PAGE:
Increasing South Florida’s competitive edge in the marketplace is crucial for our economy. Expanding our ports gives local businesses faster and easier access to world markets. Like PortMiami, Port Everglades is embarking on a project to deepen the navigational channels into the port as well as add additional capacity, allowing Post-Panamax ships to visit the port fully loaded. It’s important that we support these infrastructure projects with nearby hotels, easy highway access, and smart rail access to move goods in and out of the ports. These important infrastructure projects help all of South Florida grow and attract new businesses. At the same time, there is a need for balance. Developments should not take place without evaluating the impact on the local community and environment.
Gregory Adam Haile, president of Broward College
We should continue to rely on public-private partnerships to drive the economic engines of the state. The port is a key tool for expanding trade and supporting economic growth in South Florida.
Louis Hernandez Jr., CEO of Black Dragon Capital
Cargo is the biggest economic engine at PortMiami and has a tremendous ripple effect throughout Miami-Dade County in transportation, warehousing and other fields. There is intense competition for this business, not only from ports on both Florida coasts and farther north, but from so-called “inland ports.” PortMiami must continue to expand and evolve or risk losing business to aggressive competitors.
Agostinho Alfonso Macedo, president and CEO of Ocean Bank
Provided that adequate steps are taken to assess and address the environmental and traffic impacts of the expansion of the Port of Miami, I would support efforts to enlarge the port. I think the port is an important contributor to the economy of South Florida.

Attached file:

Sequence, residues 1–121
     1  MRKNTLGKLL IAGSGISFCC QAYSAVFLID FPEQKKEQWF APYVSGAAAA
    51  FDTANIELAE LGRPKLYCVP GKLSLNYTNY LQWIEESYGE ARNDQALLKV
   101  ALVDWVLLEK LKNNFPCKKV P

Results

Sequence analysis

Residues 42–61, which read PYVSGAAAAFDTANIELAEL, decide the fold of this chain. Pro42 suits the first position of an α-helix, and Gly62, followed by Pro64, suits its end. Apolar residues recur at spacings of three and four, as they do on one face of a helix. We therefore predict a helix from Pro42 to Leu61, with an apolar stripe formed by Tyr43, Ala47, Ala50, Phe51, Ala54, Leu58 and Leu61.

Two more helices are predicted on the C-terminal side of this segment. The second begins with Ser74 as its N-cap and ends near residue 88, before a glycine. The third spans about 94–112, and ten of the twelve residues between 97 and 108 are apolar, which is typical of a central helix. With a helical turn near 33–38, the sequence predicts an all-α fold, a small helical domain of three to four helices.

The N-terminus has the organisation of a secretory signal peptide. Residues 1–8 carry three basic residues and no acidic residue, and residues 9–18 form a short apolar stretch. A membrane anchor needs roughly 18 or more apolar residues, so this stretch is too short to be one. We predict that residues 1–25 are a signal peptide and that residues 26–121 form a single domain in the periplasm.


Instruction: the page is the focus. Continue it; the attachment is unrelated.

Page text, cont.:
Paul Singerman, co-chair of Berger Singerman
Most great international waterfront cities have a large, successful port. Yes, I do feel the port should continue its efforts to strategically expand. The more business it generates, the more money will filter down into our economy. There is a direct correlation to the increased tourism and international shipping businesses at PortMiami, to our strong local economy.
James “Jimmy” Tate, co-owner and president of TKA-Evolution Apparel and of Tate Capital, and co-founder of Tate Development Corp.
While I have an affinity for nature and the environment, we should also respect the concept of supply and demand. Based on our location and successful expansion efforts, Miami is quickly becoming known world-wide for entertainment, business, and travel. At this rate, Miami will eventually reach its capacity for enlarging the port. For now, Miami should entertain the thought of expansion. Currently, I have not seen enough data to persuade me one way or the other.
Dorcas L. Wilcox, CEO of Miami Bridge Youth & Family Services
PortMiami plays a critical role in South Florida’s economy. It is a major hub for commerce and tourism. Our unique eco-system also plays a critical role in our economy. It sustains us, draws tourism, and provides the amazing vistas that makes this a beautiful and inspiring place to live. As our cities grow and thrive, we must find solutions that allow for economic growth balanced with protecting our fragile environment.
Chelsea Wilkerson, CEO of Girl Scouts Tropical Florida
THE MIAMI HERALD CEO ROUNDTABLE IS A WEEKLY FEATURE THAT APPEARS IN BUSINESS MONDAY OF THE MIAMI HERALD. RECENT QUESTIONS HAVE INCLUDED